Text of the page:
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Ghulam Ali's India connection

The ghazal maestro says that it is friends who draw him to India than shows.

art and culture Updated: Mar 28, 2007 19:50 IST

Pakistani ghazal singer Ghulam Ali, who is in India to meet up with some friends, finds this country an ideal place for "good songs and singing".

"India is an ideal place for good songs and singing. Every visit of mine is a pleasure," Ali, a singer of the Patiala gharana, told IANS in an interview.

"People love me immensely in India. So nowadays I come here more to meet my dear friends than for shows," said the singer who was born in 1940 in Kaleke village, Sialkot - then in India, now in Pakistan.

On India-Pakistan ties, he said: "I think relations between the two countries must improve. Peaceful relations between neighbours come above everything else. I'm glad to see we're slowly working towards that goal. Indian artistes are loved in Pakistan as much as Pakistani artistes in this country."

To Ali, "peace and love between the two countries is imperative".

"I've been trying to build a bridge between the two countries in my own way through music. I first came to India in 1980 and never stopped coming since then. I must have been in India a hundred times, I feel very comfortable over here."

Excerpts:
You keep coming to India.
I really enjoy working with talented musicians like Aadesh (Shrivastava). I don't come to India just for concerts and performances. I've lots of friends here. People love me immensely in India. So nowadays I come more to meet my dear friends than for shows. I've done quite a number of charity shows in India recently. Koi bhi ho, kissi ki musibat, apni hi hoti hai (Somebody else's pain is our pain).

Is friendship between India and Pakistan feasible?
Why not? Both countries want it. On a cultural level, we've been trying to bring the two countries together for a long time. I think the relations between the two countries must improve.

Peaceful relations between neighbours come above everything else. I'm glad to see we're slowly working towards that goal. Indian artistes are loved in Pakistan as much as Pakistani artistes in this country. 'Pyar-mohabbat to badhni chahiye, yeh ghatne wali cheez nahin hai.' (Love must increase; it is not something that decreases.)

What did you think of Yash Chopra's India-Pakistan romance "Veer-Zaara"?
'Ussmein bahut achi baat kahi hai.' (That said a very good thing). Peace and love between the two countries is imperative. Even I've been trying to build a bridge between the two countries in my own way through music. I first came to India in 1980 and never stopped coming since then. I must have been in India a hundred times, I feel very comfortable over here.

Where do you think the traditional ghazal (Urdu poem) fits into the contemporary music scene?
Today's music is far removed from the ghazal. Ghazal ek apna muqaam rakhti hai. (Ghazal has its own status.) It's not just a genre, it's a thought, an attitude and a way of life. When a ghazal is featured in a film, it acquires exceptional longevity. My ghazal "Chupke chupke, raat bhar" in "Nikaah" is remembered to this day. I've sung many ghazals in films. They're all loved to this day.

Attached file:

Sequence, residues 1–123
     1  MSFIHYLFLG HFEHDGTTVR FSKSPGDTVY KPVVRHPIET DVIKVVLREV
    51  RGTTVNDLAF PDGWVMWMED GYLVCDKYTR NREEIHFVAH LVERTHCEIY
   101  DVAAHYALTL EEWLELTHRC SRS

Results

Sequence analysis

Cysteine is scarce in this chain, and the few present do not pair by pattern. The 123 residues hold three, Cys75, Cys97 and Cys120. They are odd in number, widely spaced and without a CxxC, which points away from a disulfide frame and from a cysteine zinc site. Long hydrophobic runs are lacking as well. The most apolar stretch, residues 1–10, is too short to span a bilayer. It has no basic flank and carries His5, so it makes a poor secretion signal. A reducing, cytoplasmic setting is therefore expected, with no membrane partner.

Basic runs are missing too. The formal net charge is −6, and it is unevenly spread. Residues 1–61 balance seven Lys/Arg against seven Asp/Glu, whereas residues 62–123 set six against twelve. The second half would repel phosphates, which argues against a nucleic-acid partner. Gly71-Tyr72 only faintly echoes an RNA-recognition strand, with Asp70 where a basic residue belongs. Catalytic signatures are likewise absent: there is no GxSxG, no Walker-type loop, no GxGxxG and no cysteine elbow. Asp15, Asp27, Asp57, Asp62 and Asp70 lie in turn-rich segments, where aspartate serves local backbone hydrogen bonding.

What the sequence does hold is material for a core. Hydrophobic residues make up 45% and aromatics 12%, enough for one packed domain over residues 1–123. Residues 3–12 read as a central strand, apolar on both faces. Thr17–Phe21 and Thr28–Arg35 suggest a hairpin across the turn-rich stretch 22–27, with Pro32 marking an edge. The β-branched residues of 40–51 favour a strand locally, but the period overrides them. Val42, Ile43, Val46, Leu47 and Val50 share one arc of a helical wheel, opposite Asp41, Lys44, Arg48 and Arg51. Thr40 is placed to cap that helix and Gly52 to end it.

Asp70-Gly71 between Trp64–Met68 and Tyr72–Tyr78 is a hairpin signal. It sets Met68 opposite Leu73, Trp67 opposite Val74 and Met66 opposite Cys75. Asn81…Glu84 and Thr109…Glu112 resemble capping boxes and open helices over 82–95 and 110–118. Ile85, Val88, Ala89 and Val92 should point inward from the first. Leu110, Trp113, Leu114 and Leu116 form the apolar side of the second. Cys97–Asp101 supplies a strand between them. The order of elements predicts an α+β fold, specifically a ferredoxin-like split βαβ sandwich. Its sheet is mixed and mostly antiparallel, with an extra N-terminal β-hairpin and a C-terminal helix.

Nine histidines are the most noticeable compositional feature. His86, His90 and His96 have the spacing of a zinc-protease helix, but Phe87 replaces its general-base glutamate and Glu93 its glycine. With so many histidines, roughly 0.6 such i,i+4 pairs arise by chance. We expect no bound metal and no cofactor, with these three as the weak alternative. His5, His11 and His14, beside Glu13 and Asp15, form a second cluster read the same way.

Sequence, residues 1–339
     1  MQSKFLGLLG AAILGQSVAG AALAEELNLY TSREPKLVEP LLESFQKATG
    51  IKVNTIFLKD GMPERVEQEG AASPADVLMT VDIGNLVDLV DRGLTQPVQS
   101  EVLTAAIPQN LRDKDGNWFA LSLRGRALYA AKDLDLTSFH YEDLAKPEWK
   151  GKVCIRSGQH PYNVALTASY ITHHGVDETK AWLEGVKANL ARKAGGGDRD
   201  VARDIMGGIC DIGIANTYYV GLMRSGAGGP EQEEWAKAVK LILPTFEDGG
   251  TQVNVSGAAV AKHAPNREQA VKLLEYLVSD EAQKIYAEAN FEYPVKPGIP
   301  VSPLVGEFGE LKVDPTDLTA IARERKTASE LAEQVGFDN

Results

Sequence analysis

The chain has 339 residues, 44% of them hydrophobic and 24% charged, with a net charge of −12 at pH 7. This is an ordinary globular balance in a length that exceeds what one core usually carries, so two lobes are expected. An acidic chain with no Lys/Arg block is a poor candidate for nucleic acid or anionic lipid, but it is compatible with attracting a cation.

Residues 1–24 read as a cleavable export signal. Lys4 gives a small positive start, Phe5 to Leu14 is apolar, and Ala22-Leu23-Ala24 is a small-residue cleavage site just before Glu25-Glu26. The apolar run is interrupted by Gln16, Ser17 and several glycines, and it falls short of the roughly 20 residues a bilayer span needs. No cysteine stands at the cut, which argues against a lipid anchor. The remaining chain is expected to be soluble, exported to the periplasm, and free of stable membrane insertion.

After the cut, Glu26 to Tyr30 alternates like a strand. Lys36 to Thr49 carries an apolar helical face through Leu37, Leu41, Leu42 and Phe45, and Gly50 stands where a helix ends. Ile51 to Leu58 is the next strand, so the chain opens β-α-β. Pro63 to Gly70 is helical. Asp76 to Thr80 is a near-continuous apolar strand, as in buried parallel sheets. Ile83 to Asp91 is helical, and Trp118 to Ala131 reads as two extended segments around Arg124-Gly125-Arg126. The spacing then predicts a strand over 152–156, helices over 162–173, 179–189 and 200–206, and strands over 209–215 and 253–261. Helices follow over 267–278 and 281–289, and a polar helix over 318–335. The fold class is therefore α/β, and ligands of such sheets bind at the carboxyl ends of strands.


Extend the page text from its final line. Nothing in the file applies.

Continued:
Do you still feel satisfied singing ghazals?
My love for my work remains undiminished. I never gave up singing in the style and mood that I had adopted from the start. That's what keeps my love for my art alive. One should love and respect one's own work. I never sing at a venue where my musicians and I aren't comfortable.

What do you do with rowdy members of the audience?
Unko meri baat man-ni padti hai, tabhi main gaata hoon. (They have to listen to me, only then I sing.) I prefer live performances to studio recordings. I like to relate to my audience directly.

Do you prefer to sing your own compositions?
Ninety-five percent of my songs are self-composed. But if others compose something good, I'm happy singing it. But yes, I've become used to singing my own songs.

Tell me what you think about the musicians in Mumbai?
I remember recording an album 'Meraj-e-Ghazal' with Asha Bhosle in the 1980s. During that recording, I met nearly everyone from the music industry. I've continued my association with Mumbai's music industry, including an album of Punjabi songs with Kavita Krishnamurthy. I might be working with Lata Mangeshkar soon.

She's a one-woman authority on sur (melody) and music. I'm her big fan. 'Badi hi sureeli artiste didi hain hamari, bahut pyar karti hain mujhe.' (She's a melodious singer and likes me very much.)

What is your next project?
This visit to India is to meet some Australian friends in Pune. Soon I will leave for Pakistan. India is an ideal place for good songs and singing. Every visit of mine is a pleasure. I sing in every part of the world. Lekin Pakistan aur Hindustan mein doosra hi mazaa aata hai. (But singing in Pakistan and India gives me a different kind of thrill.)